A 40-year-old female had a history of ESRD secondary to chronic glomerulonephritis. She was on CAPD for five years. She had not experienced any peritonitis during this period. She presented with severe abdominal pain and dirty peritoneal fluid of 12-h duration. She had abdominal tenderness on physical examination. Her body temperature was 38°C. Dialysate leukocyte count was 6400/mm3, 90% being polymorphs (PNL). Serum C-reactive protein (CRP) was 470 mg/L. Leukocyte count was 15,000/mm3, and 89% were PNL on hemogram. Intravenous cefazoline and ceftazidime were started empirically. The peritoneal fluid leukocyte count rose up to 11,400/mm3 on the 2nd day. SM was isolated from peritoneal fluid culture on the 2nd day in the EMB agar and blood agar. Subsequently, it was isolated on the 3rd day in the blood culture bottle. Dialysis effluent cultures were obtained carefully by our experienced CAPD nurse following strict aseptic precautions. Samples were sent to the microbiological laboratory rapidly. Leukocyte count was performed with Nageotte Bright-Line Hemacytometer. Giemsa and Gram staining was performed to dialysate samples. Dialysate was inoculated into a BACTEC BacT/ALERT (bioMerieux, Inc., Durham) blood culture bottle and 5% sheep blood and EMB agar. Cultures were read after 24 h of inoculation. Identifications and antibiotic susceptibility patterns were determined using the Vitek2 system (bioMerieux SA, France).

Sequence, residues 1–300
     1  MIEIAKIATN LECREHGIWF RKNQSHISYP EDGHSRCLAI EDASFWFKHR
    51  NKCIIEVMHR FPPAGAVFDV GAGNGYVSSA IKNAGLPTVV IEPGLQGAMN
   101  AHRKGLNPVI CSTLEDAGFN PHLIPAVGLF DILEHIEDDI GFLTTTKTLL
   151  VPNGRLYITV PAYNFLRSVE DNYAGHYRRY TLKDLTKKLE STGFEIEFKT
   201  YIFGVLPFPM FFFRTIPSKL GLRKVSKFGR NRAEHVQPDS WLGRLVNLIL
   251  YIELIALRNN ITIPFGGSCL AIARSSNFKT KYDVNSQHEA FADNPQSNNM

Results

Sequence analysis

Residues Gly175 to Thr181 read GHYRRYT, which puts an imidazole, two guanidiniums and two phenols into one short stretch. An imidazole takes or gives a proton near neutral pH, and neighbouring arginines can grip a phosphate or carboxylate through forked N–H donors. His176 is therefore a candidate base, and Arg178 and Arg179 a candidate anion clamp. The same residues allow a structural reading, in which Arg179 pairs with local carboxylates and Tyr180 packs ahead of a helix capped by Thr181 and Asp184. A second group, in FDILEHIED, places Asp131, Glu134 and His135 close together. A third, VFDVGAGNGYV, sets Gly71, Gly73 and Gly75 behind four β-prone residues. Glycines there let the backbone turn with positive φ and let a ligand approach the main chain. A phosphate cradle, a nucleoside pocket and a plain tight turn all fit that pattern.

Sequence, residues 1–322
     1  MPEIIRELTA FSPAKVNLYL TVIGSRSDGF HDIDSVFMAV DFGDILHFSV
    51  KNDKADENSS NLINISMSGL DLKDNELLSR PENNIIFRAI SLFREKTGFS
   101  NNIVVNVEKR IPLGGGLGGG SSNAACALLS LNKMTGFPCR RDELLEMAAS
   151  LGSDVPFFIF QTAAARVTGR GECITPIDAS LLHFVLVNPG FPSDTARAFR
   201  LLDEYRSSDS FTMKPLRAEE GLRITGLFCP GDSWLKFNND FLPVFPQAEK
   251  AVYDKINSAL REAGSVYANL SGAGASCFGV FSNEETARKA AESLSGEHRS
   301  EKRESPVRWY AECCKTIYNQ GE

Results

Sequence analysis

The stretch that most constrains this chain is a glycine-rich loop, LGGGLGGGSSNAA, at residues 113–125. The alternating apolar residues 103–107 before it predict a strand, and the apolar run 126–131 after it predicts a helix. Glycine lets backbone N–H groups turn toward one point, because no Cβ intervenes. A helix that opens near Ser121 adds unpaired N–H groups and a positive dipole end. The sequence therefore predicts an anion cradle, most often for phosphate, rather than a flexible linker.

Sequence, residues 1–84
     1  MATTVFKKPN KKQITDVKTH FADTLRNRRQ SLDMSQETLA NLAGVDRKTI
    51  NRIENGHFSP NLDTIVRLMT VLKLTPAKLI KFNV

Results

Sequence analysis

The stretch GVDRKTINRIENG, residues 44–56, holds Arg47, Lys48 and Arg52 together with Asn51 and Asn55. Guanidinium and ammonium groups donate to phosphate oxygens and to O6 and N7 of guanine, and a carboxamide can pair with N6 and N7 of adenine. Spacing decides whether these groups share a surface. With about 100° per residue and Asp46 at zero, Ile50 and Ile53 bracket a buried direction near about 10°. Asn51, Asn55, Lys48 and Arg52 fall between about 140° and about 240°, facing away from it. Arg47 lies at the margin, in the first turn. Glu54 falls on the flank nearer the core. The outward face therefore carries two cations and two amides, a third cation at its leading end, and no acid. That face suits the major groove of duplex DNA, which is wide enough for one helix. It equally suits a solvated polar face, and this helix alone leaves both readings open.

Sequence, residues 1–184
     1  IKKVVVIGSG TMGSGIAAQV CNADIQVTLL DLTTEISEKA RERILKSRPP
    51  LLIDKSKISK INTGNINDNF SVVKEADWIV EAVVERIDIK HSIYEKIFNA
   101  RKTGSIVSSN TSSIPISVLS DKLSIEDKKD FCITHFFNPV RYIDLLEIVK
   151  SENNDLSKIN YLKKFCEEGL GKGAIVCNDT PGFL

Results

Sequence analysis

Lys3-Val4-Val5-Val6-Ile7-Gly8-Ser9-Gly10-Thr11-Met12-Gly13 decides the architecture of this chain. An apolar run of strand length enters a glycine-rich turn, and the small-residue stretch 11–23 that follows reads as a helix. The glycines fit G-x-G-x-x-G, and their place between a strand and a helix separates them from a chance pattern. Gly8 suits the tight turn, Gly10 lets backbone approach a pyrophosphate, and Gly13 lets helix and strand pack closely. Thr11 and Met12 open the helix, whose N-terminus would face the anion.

The organism was sensitive to piperacillin-tazobactam (PIP/TAZ). Clinical status continued to deteriorate. Cefazoline and ceftazi-dime therapy was switched to intravenous PIP/TAZ based on the antibiogram result on the 2nd day. On the next day, the fluid leukocyte count decreased to 80/mm3 and CRP decreased to 180 mg/L. Dialysate was no longer cloudy, and subsequent cultures were negative. Seven days after treatment modification, the peritoneal fluid leukocyte count decreased to 6/mm3 and CRP decreased to 4 mg/L. Since it is very rare, we were not sure whether the causative organism was SM. Hence, the PIP/TAZ therapy was stopped on the 14th day, and the patient was discharged. Seven days later, she was admitted again with severe nausea, dirty dialysate, and abdominal pain. On microbiological examination, peritoneal fluid showed a leukocyte count of 14,000/ mm3, 91% being PNL. Serum CRP was 9 mg/L. The total leukocyte count was 23,000/mm3, 87% being PNL on hemogram. Intravenous cefazoline and ceftazidime were started empirically. Yet, CRP level rose rapidly up to 260 mg/L and 440 mg/L on the 2nd and 3rd days, respectively. A signal was received from BACTEC BacT/ALERT system out of the blood culture bottle into which dialysate was inoculated. A Gram-negative bacterium was detected. Thus, cefazoline and ceftazidime therapy was quickly changed to previously effecttive PIP/TAZ with the suspicion of relapsing SM peritonitis. However, the clinical status worsened, and thus, the peritoneal catheter was removed. The patient got better clinically after the removal. SM was isolated on the 2nd day in the EMB and blood agar and was isolated on the 3rd day in the blood culture bottle from the dialysate culture. It was a PIP/TAZ-sensitive strain again. The bacterium had the same resistance pattern as the previous one, except for the amoxicillin-clavulanic acid minimum inhibitory concentration value.